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Kids’ art needed for expo

Until Monday, July 26, children in LaGrange are invited to submit artwork for an automotive expo in LaGrange’s Chinese sister city, Liuzhou, according to a LaGrange Art Museum press release. From Sept. 16-20, the ancient Chinese city, founded in 111 BC, will host the 11th China-ASEAN (Liuzhou) Automotive Expo, which will show sedans, SUVs, construction machinery, and other vehicles, along with submitted artwork.

The press release says the event will attract consulates, foreign institutions in China, famous automobile enterprises and over 100,000 visitors.

The art exhibition will be a first step toward a cultural exchange between LaGrange and Liuzhou. Children aged six through 13 may participate.

They may draw or paint vehicles they have seen, their dream vehicles, or their ideas of future vehicles.

The vehicles must be the sorts that move on the ground, not ones that fly or float in water. LAM Executive Director Laura Jennings specified that they can be cars, trucks, motorbikes or construction vehicles.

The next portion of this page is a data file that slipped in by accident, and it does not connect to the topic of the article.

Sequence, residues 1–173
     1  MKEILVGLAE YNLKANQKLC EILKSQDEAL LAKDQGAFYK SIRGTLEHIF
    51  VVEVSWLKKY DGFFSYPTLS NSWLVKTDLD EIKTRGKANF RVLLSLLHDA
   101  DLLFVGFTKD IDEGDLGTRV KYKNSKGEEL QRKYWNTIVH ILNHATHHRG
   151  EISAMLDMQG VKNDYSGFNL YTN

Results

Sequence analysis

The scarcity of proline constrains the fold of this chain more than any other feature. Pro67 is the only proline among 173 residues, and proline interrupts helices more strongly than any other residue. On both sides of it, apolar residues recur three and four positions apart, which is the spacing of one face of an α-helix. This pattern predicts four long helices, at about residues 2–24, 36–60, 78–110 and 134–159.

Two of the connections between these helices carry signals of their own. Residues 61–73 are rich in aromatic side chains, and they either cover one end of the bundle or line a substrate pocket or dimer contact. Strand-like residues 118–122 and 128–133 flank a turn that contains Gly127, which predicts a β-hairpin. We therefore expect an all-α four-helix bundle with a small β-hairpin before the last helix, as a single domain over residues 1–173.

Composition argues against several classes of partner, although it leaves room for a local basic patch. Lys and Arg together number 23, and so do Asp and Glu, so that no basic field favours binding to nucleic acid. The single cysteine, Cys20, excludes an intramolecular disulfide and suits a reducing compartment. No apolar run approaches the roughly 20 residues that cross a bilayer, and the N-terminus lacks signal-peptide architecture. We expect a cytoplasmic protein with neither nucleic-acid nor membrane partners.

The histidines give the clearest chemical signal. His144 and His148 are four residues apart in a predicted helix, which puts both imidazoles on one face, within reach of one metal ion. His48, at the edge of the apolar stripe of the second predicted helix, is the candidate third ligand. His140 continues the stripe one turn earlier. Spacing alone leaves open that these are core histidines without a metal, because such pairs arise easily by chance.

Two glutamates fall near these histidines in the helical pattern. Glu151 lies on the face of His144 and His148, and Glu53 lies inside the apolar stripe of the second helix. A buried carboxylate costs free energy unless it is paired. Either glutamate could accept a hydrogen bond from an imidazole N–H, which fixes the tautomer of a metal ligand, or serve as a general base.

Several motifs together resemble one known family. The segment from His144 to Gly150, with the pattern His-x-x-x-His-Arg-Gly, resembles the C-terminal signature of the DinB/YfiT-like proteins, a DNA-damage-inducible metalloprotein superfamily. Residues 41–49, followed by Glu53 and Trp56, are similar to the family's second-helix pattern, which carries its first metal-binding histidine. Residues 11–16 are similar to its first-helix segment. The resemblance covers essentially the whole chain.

However, participants may draw or paint cars, trucks, motorbikes, or construction vehicles that can transform into boats, planes, etc.

The artwork must be original, named, and not previously published or used in competitions.

Artwork can be submitted directly to the museum on 112 Lafayette Parkway, or LAM staff can pick it up.

The artwork will be photographed and sent digitally to China.

Each participant’s name, age, artwork title and phone number should be written on the back of the artwork.

After photographing a piece of artwork, the LAM will call the artist’s phone number so they can come get their artwork.

Jennings said the LAM will accept 30 to 50 submissions.

While Liuzhou’s leadership came up with the idea for this cultural exchange, Jennings said city manager Meg Kelsey and Mayor Jim Thornton suggested that the LaGrange Art Museum coordinate the endeavor, since it has connections with local children artists.

“LaGrange used to have a really big sister city program with a couple of cities abroad, and that has sort of died,” Jennings said.

“But the mayor and a few other city dignitaries went to this city in China and decided that they would become sister cities. And that was in 2019.”

Jennings said COVID made it difficult for the cities to have a cultural exchange in 2020.

“I think this is just the beginning of a relationship, and how fitting that it would be art,” Jennings said. “Art’s a universal language.”